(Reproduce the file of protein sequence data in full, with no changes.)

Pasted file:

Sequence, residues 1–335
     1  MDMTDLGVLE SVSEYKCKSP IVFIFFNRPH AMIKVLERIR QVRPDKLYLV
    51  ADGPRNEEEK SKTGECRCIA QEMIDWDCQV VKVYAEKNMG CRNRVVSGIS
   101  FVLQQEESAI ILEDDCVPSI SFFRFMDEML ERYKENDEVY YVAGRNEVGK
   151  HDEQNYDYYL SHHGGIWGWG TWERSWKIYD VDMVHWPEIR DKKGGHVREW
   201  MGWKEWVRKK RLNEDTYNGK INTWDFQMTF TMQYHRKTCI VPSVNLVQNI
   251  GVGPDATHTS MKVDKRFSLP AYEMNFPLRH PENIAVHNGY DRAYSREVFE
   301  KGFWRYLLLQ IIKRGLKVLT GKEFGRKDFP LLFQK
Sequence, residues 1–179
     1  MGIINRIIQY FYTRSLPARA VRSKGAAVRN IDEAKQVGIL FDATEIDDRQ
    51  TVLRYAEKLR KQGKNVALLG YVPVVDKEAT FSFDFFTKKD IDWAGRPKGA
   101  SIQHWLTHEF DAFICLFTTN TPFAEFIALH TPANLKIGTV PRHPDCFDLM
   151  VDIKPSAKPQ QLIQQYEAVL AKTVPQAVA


Sequence, residues 1–335
     1  MDMTDLGVLE SVSEYKCKSP IVFIFFNRPH AMIKVLERIR QVRPDKLYLV
    51  ADGPRNEEEK SKTGECRCIA QEMIDWDCQV VKVYAEKNMG CRNRVVSGIS
   101  FVLQQEESAI ILEDDCVPSI SFFRFMDEML ERYKENDEVY YVAGRNEVGK
   151  HDEQNYDYYL SHHGGIWGWG TWERSWKIYD VDMVHWPEIR DKKGGHVREW
   201  MGWKEWVRKK RLNEDTYNGK INTWDFQMTF TMQYHRKTCI VPSVNLVQNI
   251  GVGPDATHTS MKVDKRFSLP AYEMNFPLRH PENIAVHNGY DRAYSREVFE
   301  KGFWRYLLLQ IIKRGLKVLT GKEFGRKDFP LLFQK
Sequence, residues 1–179
     1  MGIINRIIQY FYTRSLPARA VRSKGAAVRN IDEAKQVGIL FDATEIDDRQ
    51  TVLRYAEKLR KQGKNVALLG YVPVVDKEAT FSFDFFTKKD IDWAGRPKGA
   101  SIQHWLTHEF DAFICLFTTN TPFAEFIALH TPANLKIGTV PRHPDCFDLM
   151  VDIKPSAKPQ QLIQQYEAVL AKTVPQAVA